Barn swallow (Photo by drea_mc, CC BY-NC 4.0)
The barn swallow is one of the world’s most widespread birds. Its most interesting feature is its incredibly acrobatic flight, as it swoops and dives after its insect prey over open habitat, including meadows and open water. It can be recognized by its tawny (orange-brown colour) belly, blue upperparts and deeply forked tail. The barn swallow nests in every Canadian province and territory, except Nunavut.
What does this species look like?
Both male and female barn swallows in North America look alike. Barn swallows are a striking metallic dark blue all along their head, body, wings and forked tail. Their tawny underparts have small flecks of white near the tail. Barn swallows are similar in size to house sparrows, with an average length around 15 to 19 centimetres and a wingspan around 30 centimetres.
Interestingly, male European barn swallows have much longer tail streamers (the elongated, narrow tips of the tail feathers) than their North American counterparts, even though they are the same species. It is thought that this is because in Europe, the males do not help incubate the eggs, whereas in North America, they do. Barn swallow nests can be a little awkward to climb into and out of, even for a barn swallow, and the birds risk breaking their tail streamers during this process. Having an asymmetric tail is very costly for such an acrobatic flier, so in North America, it is better to have shorter tail streamers that have less risk of being broken, while in Europe, the non-incubating males do not run this risk and so can afford to grow longer tail streamers. These long tail streamers are involved in mate selection, with males with longer tail streamers being more attractive to female barn swallows.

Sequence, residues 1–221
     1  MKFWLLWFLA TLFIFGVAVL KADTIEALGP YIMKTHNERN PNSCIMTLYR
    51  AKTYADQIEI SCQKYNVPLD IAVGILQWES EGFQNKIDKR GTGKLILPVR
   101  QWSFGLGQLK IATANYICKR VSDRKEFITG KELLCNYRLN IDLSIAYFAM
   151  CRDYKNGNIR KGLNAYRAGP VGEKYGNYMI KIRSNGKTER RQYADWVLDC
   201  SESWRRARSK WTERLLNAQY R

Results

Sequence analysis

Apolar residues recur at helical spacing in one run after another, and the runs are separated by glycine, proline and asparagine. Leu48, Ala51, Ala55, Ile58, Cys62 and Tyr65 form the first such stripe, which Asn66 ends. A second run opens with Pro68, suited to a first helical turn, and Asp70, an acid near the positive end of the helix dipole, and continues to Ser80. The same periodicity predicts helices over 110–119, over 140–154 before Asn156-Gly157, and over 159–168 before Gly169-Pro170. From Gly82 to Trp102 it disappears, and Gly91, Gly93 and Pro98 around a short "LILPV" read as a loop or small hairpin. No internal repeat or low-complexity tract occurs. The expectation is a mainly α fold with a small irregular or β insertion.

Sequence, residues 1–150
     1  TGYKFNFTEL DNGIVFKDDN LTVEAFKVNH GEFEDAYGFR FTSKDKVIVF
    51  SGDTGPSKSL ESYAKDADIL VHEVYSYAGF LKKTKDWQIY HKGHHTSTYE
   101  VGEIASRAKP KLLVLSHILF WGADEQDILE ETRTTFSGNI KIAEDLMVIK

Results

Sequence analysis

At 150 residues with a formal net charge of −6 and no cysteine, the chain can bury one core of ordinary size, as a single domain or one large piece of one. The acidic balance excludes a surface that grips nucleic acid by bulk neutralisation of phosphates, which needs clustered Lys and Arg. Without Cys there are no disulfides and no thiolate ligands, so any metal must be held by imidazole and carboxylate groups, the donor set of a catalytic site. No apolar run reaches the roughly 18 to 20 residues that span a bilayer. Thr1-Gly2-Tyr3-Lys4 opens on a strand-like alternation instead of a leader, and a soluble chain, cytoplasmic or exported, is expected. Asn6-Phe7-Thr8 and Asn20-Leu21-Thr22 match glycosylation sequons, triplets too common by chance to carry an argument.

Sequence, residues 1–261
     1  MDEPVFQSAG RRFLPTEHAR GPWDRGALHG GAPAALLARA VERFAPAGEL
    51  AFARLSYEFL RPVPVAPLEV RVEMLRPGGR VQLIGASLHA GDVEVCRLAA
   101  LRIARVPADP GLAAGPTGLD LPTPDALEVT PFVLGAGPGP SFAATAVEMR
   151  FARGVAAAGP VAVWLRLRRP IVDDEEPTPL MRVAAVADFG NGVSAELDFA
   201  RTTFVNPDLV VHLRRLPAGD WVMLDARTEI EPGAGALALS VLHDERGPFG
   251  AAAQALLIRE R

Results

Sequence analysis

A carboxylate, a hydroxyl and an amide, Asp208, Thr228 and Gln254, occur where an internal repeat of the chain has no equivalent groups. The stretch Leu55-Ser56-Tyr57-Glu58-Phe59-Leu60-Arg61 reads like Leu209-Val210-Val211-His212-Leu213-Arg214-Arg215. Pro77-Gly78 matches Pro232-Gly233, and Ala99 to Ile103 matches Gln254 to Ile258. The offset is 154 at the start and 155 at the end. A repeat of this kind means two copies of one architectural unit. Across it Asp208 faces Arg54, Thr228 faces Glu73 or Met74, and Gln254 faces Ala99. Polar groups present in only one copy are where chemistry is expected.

Where does this species occur?
Barn swallows are highly adaptable. They occur in open habitats such as fields, parks, roadway edges, marshes and meadows. Historically, these birds nested in empty caves and cliff ledges, but they now nest almost exclusively on human structures, including under bridges, the eaves of buildings and, of course, barns. Outside of Canada this bird occurs in places such as the United States, central Mexico, Europe and Asia. It is one of the few bird species to reside in every continent (except Antarctica). Birds that nest in Canada migrate to Central America and South America for winter.
What is this species’ conservation status?
Despite these birds being widespread, their overall population has been steadily declining in recent decades. The Committee on the Status of Endangered Wildlife in Canada have assessed barn swallows as special concern. The Canadian population declined rapidly beginning in the 1980s, but now appears to be stable. Key threats include loss of nesting structures, insect declines and climate change.
What is NCC doing to conserve this species’ habitat?
The Nature Conservancy of Canada (NCC) works in all 10 provinces across Canada. In Quebec, NCC has been working to increase the barn swallow population by building nesting boxes on its île du Moine property in Sainte-Anne-de-Sorel, on Lac Saint-Pierre. Nesting boxes allow barn swallows to have a safe place to live away from predators. Outside of Quebec, NCC installed four nesting structures in 2013 for the same purpose. In Ontario, NCC has many large-scale habitat restoration projects, from Pelee Island in Lake Erie, to the Maitland River Valley, the Southern Norfolk Sand Plain, Rice Lake Plains and Minesing Wetlands natural areas. All of these involve planting many native plants in formerly degraded areas, supporting better insect abundance and diversity to feed barn swallows and other wildlife.